Dirk Chatelain’s long-form biography of Coach Riley is an excellent, well crafted piece and is a must read.
Every one sentence paragraph.
There’s no denying the care Dirk used when assembling it. What can we say? Game recognizes game.
However, one line gave us pause.
To quote Dirk: “…the local hero gave up everything he knew and cut a new trail east, trading his cruiser of a program for an Escalade.”
On the surface, the analogy is clear and easy to digest. By making the leap from Oregon State to Nebraska, Coach Riley swapped the key to his humble beach cruiser’s lock for the keys to a four-wheeled intergalactic spaceship of Olive Garden parking lots.
In the companion video that illustrates Riley’s commute from his former home to Reser Stadium, Dirk says “Riley isn’t much of a car guy, even if it’s the safer form of travel.”
For being such a huge stat-head, Dirk makes a blanket statement that is not at all correct. Bicycling has been statistically proven, time and time again, to be the safest form of transportation with a death rate 15 times lower than driving a car.
Except of course when Cadillac Escalades harass and/or kill cyclists.
Then there’s also the issue with the Escalade having the highest death rate in its own category at over twice the average.
But let’s climb out of the rabbit hole of statistical minutia and take a look at what the Escalade is on the surface.
Nebraska is a big state and Nebraskans are typically considered a big people, (in that strong, husky way of course).
It’s American made.
If you consider the Republic of Texas part of America.
Sort of. Weighing in at nearly 6,000 pounds, the Escalade requires a big engine for any semblance of speed, just as long as it doesn’t have to turn. And despite its SUV status, don’t even think about taking on an Oregon Trail-like expedition.
It’s loaded with all kinds of info-taining technologically wizardry.
Just like Memorial Stadium. We’ll overlook the part where Car and Driver calls the Escalade’s system annoying.
Its bench seating is cramped and uncomfortable.
Just like Memorial Stadium.
Its glory years were 2004 – 2007.
While the Escalade had its moment in the sun, Husker football was in the gutter. They both have yet to rebound to where they once were but at least the Huskers haven’t been reduced to being mocked by the New York Times for moonlighting as the heel in a second string Disney movie.
Cad-Spinner’s headshot from Planes: Fire and Rescue.
Maybe Dirk isn’t much of a car guy. Or maybe he used the first analogous vehicle that came to mind. Perhaps an editor thought his piece needed a quick hitter comparison for the simpletons beyond Omaha’s cosmopolitan borders.
We’ll pretend it was the latter.
It would greatly disappoint us that a writer as sharp as Dirk would leave a ball on the tee with a stout tailwind blowing straight down the pipe of a wide open fairway.
A year after Bob Devaney made his debut on the Memorial Stadium sideline, Dr. Ferdinand Porsche unveiled his new 911 at the 1963 Frankfurt Auto Show.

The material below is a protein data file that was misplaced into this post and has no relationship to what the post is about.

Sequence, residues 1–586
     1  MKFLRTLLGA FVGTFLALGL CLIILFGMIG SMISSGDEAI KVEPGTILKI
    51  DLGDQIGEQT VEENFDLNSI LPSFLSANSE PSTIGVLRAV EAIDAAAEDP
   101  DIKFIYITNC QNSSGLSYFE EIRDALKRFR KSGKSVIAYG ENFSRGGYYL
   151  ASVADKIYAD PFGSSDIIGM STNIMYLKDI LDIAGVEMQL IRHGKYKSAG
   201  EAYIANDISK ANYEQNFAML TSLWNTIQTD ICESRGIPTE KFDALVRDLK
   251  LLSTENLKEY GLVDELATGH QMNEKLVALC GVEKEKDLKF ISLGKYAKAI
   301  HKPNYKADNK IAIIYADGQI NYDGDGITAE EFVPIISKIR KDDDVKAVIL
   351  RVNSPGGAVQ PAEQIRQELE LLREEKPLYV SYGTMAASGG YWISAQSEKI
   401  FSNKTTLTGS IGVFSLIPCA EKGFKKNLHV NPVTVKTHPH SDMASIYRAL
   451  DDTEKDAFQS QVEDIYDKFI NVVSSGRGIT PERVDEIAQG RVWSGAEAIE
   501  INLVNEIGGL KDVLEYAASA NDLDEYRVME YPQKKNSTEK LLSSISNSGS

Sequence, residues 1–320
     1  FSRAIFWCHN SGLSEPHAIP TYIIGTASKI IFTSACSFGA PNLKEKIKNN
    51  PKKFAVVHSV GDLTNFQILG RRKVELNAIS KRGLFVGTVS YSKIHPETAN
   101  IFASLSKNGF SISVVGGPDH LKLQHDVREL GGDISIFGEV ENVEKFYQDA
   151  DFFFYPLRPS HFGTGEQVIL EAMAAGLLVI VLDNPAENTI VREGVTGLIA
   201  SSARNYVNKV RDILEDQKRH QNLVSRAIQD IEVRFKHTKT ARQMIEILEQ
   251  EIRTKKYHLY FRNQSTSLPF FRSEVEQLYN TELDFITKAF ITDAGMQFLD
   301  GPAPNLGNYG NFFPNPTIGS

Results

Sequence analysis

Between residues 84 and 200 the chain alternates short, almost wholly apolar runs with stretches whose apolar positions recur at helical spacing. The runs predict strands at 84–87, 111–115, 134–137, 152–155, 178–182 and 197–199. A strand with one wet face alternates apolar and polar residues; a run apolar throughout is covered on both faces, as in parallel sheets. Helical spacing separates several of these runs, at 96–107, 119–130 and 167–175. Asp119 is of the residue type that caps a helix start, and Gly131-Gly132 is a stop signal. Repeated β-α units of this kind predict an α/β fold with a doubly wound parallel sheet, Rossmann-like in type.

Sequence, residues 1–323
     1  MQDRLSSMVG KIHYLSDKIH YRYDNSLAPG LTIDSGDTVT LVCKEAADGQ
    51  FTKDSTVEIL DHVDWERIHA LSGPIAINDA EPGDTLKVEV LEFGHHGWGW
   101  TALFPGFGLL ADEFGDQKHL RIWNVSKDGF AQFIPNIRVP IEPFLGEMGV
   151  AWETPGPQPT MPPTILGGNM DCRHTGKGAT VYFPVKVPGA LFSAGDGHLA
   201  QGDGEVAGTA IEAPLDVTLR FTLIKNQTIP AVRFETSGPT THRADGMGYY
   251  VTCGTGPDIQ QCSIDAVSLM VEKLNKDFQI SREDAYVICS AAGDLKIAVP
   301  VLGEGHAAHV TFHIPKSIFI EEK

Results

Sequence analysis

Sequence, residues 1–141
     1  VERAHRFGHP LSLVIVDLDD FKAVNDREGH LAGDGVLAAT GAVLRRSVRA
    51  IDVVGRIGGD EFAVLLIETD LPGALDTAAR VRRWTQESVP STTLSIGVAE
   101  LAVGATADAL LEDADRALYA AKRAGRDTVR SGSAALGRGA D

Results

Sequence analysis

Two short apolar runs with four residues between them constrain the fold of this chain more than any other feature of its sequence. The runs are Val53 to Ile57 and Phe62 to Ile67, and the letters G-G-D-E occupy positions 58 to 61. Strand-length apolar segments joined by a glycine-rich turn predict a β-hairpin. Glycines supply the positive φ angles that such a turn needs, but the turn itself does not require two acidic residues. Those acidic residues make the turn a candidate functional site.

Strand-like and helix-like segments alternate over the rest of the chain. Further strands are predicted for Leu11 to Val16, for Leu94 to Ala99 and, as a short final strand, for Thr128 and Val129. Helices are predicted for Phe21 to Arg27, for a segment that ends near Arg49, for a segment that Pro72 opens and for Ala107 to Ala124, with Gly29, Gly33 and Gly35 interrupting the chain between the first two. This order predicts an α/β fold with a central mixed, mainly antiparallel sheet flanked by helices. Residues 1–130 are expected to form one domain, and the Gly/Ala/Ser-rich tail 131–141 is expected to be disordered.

Before you get up in arms about the notion of a German car being symbolic of a team as American as the Huskers, think about the country where the bulk of Nebraska’s early pioneers came from.
Now, with that strong German heritage in mind, let’s take a closer look at the iconic 911.
From its 1963 debut through 1989, every year brought new variations and upgrades with many components remaining the same and were interchangeable from year to year.
When Porsche engineers felt they had wrung every last drop of performance out of the existing platform, they started over with a clean slate. The signature look and air cooled, rear engine design remained the same. The next few years that followed were spent working out the kinks of modernization.
By late 1993, another step in the 911’s evolution was taken. Three decades may have passed but perfection was finally realized. The next five years were a celebration of full potential reached. A car that should have ceased production by the time the 80s rolled around had found new life. A design that pundits had deemed antiquated was thriving and leaving its rivals in the dust in the 90s.
The historic run would come to an end in the fall of 1998 when the first 911s with liquid cooled engines rolled into dealer showrooms.
One era ends. Another begins.
Does any of that sound eerily similar to the fate of the Huskers?
Boom. Change a single detail and Dirk’s story takes on a whole new historical dimension.
— Bonus content —
While the 911’s history and philosophy meshes almost too perfectly with that of the modern era Huskers, if one single car were to truly epitomize Nebraska football, we’d be inclined to pick this bad boy.
The Dodge Viper GTS features a 488 cubic inch V-10 that puts out 450 horsepower the old-fashioned way. This beast has enough torque to rip the capitol off its foundation and isn’t afraid to take a punch in the mouth. Let’s hope Coach Riley found the keys to an unmarked storage shed in his welcome packet. It’s time to release the Kraken.
What car do you think is most symbolic of the Huskers?
Let’s hear ’em.